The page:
3. Finance: Goals related to your savings, spending habits, budget, investments, and retirement savings.  Some people include material goals here (“I want a new car“), but I put those in the Lifestyle category.  A Finance goals would be: Save $200 for an iPhone by saving $50/month for 4 months. 
  4. Service: How you’d like to help your family, friends, and/or community. For instance, you might want to help an elderly relative or neighbor with their yard work once a week, or volunteer at an after-school program. 
  5. Lifestyle: Things you want (e.g., iPad, new sunglasses, new shoes), and hobbies/activities you’d like to do for fun (e.g., travel, photography, collecting antiques).  This is the “fun” category, so don’t limit yourself too much- write down the things you’d love to have (a new/used car?) and the things you’d love to do (visit the Grand Canyon?). 
  6. Career: Your long and short-term work goals.  You might have a short-term goal, like, Hire an assistant manager for my bakery, or a longer term goal, like, Be promoted to manager within two years, or Take night classes to finish Bachelor’s degree.
  7. Education: Skills that you’d like to learn or maintain.  You may have a goal relating to formal education (“I want to obtain my teaching credential“) or you may have an informal goal (“I want to learn how to change a flat tire“).  Right now I don’t have any formal education goals, so I’m focusing on personal matters, like learning housecleaning techniques so that I can clean my house faster!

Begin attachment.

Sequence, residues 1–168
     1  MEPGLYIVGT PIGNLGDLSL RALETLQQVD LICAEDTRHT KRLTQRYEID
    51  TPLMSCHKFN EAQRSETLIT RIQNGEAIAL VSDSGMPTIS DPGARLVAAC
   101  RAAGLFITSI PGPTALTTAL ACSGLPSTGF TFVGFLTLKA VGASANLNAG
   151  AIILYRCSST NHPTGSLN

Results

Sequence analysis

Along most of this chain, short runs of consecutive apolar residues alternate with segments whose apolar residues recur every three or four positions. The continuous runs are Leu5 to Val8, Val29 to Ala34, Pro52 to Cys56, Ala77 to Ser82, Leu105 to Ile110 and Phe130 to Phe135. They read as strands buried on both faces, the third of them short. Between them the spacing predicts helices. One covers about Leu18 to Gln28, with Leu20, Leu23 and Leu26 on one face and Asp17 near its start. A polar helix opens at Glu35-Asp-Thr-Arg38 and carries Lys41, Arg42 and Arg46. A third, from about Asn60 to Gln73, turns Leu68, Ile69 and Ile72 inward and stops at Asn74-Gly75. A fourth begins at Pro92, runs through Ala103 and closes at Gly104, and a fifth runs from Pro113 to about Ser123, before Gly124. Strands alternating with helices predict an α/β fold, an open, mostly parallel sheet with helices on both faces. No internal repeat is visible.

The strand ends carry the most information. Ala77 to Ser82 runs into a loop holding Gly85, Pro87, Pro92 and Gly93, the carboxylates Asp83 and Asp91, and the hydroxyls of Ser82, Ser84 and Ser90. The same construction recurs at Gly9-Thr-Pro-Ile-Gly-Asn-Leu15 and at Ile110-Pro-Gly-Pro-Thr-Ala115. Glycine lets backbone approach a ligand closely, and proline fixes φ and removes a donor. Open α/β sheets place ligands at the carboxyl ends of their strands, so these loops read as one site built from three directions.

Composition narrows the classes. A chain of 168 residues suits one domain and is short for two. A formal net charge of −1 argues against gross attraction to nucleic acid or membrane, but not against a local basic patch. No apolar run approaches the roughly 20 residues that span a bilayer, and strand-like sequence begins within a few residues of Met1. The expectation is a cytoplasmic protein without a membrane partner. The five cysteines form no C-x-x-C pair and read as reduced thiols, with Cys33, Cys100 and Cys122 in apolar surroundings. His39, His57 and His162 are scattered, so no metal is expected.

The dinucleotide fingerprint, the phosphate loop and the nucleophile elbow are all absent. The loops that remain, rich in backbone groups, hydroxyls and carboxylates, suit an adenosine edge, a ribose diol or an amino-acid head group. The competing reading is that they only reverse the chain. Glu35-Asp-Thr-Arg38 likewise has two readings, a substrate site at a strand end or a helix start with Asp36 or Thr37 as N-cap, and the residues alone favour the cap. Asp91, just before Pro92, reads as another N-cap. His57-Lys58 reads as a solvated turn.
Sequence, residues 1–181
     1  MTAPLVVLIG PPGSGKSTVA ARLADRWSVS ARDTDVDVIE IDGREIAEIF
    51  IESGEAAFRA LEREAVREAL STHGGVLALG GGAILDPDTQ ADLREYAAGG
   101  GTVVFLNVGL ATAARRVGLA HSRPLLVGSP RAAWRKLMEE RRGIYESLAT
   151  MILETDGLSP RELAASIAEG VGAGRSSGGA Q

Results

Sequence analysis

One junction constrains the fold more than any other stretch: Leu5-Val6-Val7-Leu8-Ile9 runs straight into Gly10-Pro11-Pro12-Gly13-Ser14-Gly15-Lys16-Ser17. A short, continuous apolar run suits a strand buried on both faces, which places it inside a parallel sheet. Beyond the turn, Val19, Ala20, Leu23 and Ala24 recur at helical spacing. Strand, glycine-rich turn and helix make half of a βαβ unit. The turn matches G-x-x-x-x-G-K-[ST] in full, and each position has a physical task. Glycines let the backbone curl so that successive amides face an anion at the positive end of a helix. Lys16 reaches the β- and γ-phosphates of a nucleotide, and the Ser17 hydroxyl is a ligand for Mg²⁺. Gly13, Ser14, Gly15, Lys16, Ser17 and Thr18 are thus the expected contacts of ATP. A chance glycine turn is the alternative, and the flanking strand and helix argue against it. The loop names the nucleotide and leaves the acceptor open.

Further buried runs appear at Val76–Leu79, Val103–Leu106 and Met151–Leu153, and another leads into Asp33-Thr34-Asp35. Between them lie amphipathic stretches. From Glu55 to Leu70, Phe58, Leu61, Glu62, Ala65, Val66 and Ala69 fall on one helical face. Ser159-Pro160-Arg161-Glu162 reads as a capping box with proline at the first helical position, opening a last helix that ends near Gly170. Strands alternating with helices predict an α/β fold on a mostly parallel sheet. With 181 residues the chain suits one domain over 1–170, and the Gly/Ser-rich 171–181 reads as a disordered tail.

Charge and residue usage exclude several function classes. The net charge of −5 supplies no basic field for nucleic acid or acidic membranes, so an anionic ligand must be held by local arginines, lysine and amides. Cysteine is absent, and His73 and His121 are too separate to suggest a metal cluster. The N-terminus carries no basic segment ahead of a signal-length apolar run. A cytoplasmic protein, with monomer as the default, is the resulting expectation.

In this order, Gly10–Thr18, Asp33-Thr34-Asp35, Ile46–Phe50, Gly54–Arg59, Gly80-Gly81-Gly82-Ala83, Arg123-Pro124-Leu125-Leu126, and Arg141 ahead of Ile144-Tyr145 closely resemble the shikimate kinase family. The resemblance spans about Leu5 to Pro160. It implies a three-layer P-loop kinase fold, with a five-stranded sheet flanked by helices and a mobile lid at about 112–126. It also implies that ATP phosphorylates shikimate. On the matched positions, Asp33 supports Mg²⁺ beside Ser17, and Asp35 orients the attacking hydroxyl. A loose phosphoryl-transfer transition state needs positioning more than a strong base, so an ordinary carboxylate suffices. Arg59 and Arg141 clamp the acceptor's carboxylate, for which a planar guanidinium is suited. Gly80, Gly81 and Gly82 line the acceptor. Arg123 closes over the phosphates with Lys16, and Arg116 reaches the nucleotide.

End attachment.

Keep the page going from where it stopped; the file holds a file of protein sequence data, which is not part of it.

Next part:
8. Fitness: Goals related to health, weight, eating habits, and exercise.  An example would be: Do cardio exercise 5 times/week, or Drink water instead of soda at dinner
  9. Home: What you’d like your house to be like (home improvements, gardening) and how you’d like it to be maintained (cleaning, organizing)Some examples: Build shelves for laundry area, or Plant carrots by the end of the month.  A maintenance goal might be, Declutter office at least once/month.  One of my goals: Sell our unneeded items on eBay and in a yard sale.
  10. Children: What you’d like to teach your children (if you have any- if not, relate this to nieces & nephews or other children that you mentor).  This category is only about what knowledge or skill you’d like to pass on to your children- relationship issues should go in the “Family” category above.  An example Children goal: Teach daughter to ride a bike.  Our daughter is entering Kindergarten this Fall, so one of my goals is: Practice reading and/or writing with her every day.